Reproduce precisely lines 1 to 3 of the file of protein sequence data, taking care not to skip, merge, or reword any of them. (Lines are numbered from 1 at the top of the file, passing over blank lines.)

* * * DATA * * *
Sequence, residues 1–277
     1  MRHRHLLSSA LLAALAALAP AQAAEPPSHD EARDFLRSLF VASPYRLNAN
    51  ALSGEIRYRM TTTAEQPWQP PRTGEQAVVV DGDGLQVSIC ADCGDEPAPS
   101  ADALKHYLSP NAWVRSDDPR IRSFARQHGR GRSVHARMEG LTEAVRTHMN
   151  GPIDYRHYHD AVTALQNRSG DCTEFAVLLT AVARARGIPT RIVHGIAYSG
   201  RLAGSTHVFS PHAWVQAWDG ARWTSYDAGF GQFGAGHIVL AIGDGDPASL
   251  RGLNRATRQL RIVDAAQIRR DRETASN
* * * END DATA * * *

Sequence, residues 1–277
     1  MRHRHLLSSA LLAALAALAP AQAAEPPSHD EARDFLRSLF VASPYRLNAN
    51  ALSGEIRYRM TTTAEQPWQP PRTGEQAVVV DGDGLQVSIC ADCGDEPAPS